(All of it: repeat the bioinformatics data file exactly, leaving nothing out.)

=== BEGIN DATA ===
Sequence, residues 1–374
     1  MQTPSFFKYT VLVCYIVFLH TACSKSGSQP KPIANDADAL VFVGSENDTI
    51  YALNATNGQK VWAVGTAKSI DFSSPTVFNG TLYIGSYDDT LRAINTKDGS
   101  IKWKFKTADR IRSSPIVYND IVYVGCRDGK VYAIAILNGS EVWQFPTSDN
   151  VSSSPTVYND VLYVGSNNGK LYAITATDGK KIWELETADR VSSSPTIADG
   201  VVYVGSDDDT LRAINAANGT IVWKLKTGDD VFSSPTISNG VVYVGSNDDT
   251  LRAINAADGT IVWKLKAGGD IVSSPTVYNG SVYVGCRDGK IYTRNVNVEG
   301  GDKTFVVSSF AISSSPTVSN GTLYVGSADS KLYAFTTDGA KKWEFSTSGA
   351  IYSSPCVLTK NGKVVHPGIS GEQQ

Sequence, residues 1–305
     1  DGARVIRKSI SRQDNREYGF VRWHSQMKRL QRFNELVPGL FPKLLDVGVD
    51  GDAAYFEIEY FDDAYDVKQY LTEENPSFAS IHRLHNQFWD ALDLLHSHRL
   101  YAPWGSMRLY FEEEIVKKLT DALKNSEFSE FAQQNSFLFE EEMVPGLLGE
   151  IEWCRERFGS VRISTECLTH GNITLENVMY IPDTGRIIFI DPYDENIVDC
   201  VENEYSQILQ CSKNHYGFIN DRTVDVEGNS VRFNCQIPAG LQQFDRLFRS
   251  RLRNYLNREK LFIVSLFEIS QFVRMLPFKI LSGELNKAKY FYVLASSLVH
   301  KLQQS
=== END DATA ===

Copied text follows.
Sequence, residues 1–374
     1  MQTPSFFKYT VLVCYIVFLH TACSKSGSQP KPIANDADAL VFVGSENDTI
    51  YALNATNGQK VWAVGTAKSI DFSSPTVFNG TLYIGSYDDT LRAINTKDGS
   101  IKWKFKTADR IRSSPIVYND IVYVGCRDGK VYAIAILNGS EVWQFPTSDN
   151  VSSSPTVYND VLYVGSNNGK LYAITATDGK KIWELETADR VSSSPTIADG
   201  VVYVGSDDDT LRAINAANGT IVWKLKTGDD VFSSPTISNG VVYVGSNDDT
   251  LRAINAADGT IVWKLKAGGD IVSSPTVYNG SVYVGCRDGK IYTRNVNVEG
   301  GDKTFVVSSF AISSSPTVSN GTLYVGSADS KLYAFTTDGA KKWEFSTSGA
   351  IYSSPCVLTK NGKVVHPGIS GEQQ

Sequence, residues 1–305
     1  DGARVIRKSI SRQDNREYGF VRWHSQMKRL QRFNELVPGL FPKLLDVGVD
    51  GDAAYFEIEY FDDAYDVKQY LTEENPSFAS IHRLHNQFWD ALDLLHSHRL
   101  YAPWGSMRLY FEEEIVKKLT DALKNSEFSE FAQQNSFLFE EEMVPGLLGE
   151  IEWCRERFGS VRISTECLTH GNITLENVMY IPDTGRIIFI DPYDENIVDC
   201  VENEYSQILQ CSKNHYGFIN DRTVDVEGNS VRFNCQIPAG LQQFDRLFRS
   251  RLRNYLNREK LFIVSLFEIS QFVRMLPFKI LSGELNKAKY FYVLASSLVH
   301  KLQQS